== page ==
I recently finished reading Donald Rumsfeld’s memoir, Known and Unknown. Whether you love or hate him, or just don’t care, I highly recommend it for a very interesting look into recent history, including the wars in Iraq and Afghanistan.
He discusses his choice of title at length and I find these philosophical ideas incredibly helpful in looking at problems and issues of all kinds. They especially apply to the debate over GMOs and demonstrate the dangers of rushing madly into areas we really don’t understand. Even more important, it demonstrates the dangers of rushing madly into technologies like genetic engineering when we think we know, but really have no clue, what we are getting into.
From the book’s Author’s Note:
Reports that say something hasn’t happened are always interesting to me because as we know, there are known knowns: there are things we know we know. We also know there are known unknowns: that is to say we know there are some things [we know] we do not know. But there are also unknown unknowns—the ones we don’t know we don’t know. And if one looks throughout the history of our country and other free countries, it is the latter category that tends to be the difficult one.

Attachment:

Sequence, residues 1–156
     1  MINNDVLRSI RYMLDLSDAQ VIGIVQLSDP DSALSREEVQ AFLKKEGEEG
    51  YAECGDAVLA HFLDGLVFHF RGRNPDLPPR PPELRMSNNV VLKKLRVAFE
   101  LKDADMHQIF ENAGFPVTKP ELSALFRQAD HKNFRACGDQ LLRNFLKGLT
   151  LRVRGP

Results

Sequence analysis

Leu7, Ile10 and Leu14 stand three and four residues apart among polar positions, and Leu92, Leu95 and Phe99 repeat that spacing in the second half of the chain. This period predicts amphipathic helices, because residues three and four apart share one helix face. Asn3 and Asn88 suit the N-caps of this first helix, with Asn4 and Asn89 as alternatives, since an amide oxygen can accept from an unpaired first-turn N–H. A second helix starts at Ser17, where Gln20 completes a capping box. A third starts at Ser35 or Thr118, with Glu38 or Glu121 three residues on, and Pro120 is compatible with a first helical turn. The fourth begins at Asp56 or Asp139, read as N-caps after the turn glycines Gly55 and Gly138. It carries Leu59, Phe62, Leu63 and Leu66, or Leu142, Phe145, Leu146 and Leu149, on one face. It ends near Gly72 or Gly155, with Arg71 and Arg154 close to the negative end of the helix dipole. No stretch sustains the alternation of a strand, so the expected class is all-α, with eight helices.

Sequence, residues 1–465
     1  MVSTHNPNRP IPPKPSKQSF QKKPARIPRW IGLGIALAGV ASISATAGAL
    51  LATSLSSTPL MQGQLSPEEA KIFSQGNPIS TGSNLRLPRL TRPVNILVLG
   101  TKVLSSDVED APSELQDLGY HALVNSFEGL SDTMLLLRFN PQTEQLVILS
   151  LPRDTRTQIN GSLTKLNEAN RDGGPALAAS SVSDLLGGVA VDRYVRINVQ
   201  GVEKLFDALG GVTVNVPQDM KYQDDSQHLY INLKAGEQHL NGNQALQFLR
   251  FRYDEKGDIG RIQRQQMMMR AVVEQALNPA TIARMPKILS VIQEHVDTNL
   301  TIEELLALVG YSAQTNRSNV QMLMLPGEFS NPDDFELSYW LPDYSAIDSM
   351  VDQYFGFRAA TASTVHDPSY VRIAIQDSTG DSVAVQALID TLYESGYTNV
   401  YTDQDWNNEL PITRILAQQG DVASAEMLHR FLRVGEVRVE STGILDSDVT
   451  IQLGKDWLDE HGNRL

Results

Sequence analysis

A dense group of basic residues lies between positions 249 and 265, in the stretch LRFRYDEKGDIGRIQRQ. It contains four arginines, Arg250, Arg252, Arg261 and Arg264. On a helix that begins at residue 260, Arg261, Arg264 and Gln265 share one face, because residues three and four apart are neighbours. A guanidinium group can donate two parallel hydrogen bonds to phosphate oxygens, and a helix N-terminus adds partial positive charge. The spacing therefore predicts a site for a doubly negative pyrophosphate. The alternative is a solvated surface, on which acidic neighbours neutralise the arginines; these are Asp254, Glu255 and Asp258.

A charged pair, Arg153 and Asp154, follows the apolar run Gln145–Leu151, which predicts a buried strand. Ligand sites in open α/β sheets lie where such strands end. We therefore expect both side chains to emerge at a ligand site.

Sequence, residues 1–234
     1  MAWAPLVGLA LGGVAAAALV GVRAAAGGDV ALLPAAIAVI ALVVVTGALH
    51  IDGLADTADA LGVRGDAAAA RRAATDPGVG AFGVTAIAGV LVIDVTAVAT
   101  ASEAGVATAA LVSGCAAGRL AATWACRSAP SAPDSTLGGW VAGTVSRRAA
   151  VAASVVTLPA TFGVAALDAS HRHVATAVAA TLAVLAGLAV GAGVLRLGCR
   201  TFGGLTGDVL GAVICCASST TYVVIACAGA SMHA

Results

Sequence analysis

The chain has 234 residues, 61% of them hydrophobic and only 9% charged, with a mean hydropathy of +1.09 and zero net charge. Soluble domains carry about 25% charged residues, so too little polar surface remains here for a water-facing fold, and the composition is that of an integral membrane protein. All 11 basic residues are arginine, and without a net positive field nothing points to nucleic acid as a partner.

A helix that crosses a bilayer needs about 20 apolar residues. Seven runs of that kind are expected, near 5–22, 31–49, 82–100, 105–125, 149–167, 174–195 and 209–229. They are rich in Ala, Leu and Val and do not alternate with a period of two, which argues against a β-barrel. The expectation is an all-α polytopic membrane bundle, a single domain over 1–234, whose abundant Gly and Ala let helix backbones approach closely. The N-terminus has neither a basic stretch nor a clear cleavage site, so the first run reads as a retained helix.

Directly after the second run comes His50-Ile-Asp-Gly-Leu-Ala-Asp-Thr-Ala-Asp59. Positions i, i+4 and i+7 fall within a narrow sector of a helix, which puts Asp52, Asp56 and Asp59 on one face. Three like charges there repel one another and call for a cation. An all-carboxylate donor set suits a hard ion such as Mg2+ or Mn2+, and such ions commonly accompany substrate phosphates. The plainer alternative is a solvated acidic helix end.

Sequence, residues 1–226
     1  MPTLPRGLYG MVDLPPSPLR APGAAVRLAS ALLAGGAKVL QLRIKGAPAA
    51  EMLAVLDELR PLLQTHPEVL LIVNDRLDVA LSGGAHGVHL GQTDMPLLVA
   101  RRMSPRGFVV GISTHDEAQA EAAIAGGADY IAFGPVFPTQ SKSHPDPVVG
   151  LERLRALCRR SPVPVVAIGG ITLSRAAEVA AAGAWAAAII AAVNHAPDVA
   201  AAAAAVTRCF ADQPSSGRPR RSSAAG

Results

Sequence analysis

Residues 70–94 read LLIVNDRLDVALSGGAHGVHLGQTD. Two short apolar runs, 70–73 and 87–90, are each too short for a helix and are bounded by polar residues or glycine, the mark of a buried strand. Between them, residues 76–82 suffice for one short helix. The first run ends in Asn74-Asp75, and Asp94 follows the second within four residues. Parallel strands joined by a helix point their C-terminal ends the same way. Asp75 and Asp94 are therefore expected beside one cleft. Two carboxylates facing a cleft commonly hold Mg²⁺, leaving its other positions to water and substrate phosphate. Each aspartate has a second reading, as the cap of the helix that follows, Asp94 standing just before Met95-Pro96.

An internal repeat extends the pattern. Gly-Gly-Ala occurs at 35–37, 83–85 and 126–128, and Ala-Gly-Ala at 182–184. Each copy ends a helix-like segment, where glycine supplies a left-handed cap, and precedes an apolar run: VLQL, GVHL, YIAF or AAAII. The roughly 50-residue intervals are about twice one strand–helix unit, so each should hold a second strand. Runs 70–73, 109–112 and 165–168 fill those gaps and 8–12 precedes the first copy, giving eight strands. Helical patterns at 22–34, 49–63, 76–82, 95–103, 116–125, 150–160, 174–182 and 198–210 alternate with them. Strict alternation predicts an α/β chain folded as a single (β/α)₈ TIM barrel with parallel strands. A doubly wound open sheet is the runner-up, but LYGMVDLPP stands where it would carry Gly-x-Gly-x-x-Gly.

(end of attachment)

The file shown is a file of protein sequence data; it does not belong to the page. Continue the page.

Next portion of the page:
In regard to GMOs, I would apply these profound thoughts as follows. There are a few known knowns, but many of the known knowns about GMOs are actually known unknowns, we are simply fooling ourselves by claiming facts that aren’t adequately proven in many cases. There are many acknowledged known unknowns and countless more unknown unknowns. All three of these scare the hell out of me regarding GMOs because the entire technology base is being pushed by people with blinders on and with a paticular purpose to make unknown knowns and unknown unknowns into known knowns while disregarding the rigiorous science to actually do these things.